The Government has thrown a lifeline to dozens of West Midlands post offices by announcing they will continue to pay benefits and pensions.
Ministers scrapped plans to hand responsibility for Post Office Card Accounts, basic bank-style accounts used by 4.3 million people, to a private contractor.
It followed a campaign led by MPs who were convinced losing the accounts could lead to the closure of 3,000 post offices countrywide.
This would be an even greater cull of branches than the one already under way, which involves the closure of 2,500 branches, including 123 in the West Midlands.
Post Office Card Accounts are used by people who do not have bank accounts to collect benefits, and keep many struggling post offices afloat by bringing customers onto the premises.
But the Government had put the contract to run the account out to tender, and it was widely believed that Ministers intended to hand it to Pay Point, a business which operates a network of payment machines in newsagents and petrol stations.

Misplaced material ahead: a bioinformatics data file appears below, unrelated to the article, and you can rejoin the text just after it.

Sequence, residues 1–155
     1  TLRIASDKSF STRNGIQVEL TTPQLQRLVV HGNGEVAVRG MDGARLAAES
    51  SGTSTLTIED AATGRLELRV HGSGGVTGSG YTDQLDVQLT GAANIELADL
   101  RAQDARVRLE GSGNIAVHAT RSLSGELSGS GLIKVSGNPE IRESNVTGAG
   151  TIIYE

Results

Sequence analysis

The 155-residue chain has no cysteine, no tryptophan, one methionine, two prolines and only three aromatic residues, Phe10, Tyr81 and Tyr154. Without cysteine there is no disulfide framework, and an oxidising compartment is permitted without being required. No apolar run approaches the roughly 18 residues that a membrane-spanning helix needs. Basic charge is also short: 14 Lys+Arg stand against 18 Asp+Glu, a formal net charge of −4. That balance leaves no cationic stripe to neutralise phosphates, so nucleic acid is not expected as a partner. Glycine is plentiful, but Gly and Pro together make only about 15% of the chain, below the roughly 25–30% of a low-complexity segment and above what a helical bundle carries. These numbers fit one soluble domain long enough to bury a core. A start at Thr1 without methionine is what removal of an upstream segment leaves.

However, Work and Pensions Secretary James Purnell told the House of Commons he had decided instead to scrap the tender process and simply allow Post Office Ltd to continue running the account.
It followed a campaign by MPs from all parties, including Labour MPs who feared they were being blamed for cuts in the post office network.
The Government has supported Post Office Ltd’s current closure programme by helping pay for compensation for sub-postmasters whose branches are closed.
Opposition MPs have accused Labour politicians of supporting closures by refusing to back a Conservative motion condemning the Government’s policy.
Speaking in the House of Commons, Mr Purnell said: “The Post Office is a cherished national institution at the heart of many communities. The card account is an important source of income, and brings customers through the doors of post offices.
“Global economic events have made people, particularly the most vulnerable in our society, more concerned about financial transactions. The Post Office is a trusted brand, and is seen as a safe, secure and reliable provider of services in these turbulent times.
“Now is not the time for the Government to do anything to put the network at risk, particularly as post offices are often the only providers of financial services in remote areas.”
Birmingham MP Lynne Jones (Lab Selly Oak), welcomed the announcement, but asked Mr Purnell to look for ways of expanding Post Office services to ensure branches had a secure future.
Mr Purnell said: “I will give her an assurance that we are going to expand the range of financial and other services that are available.”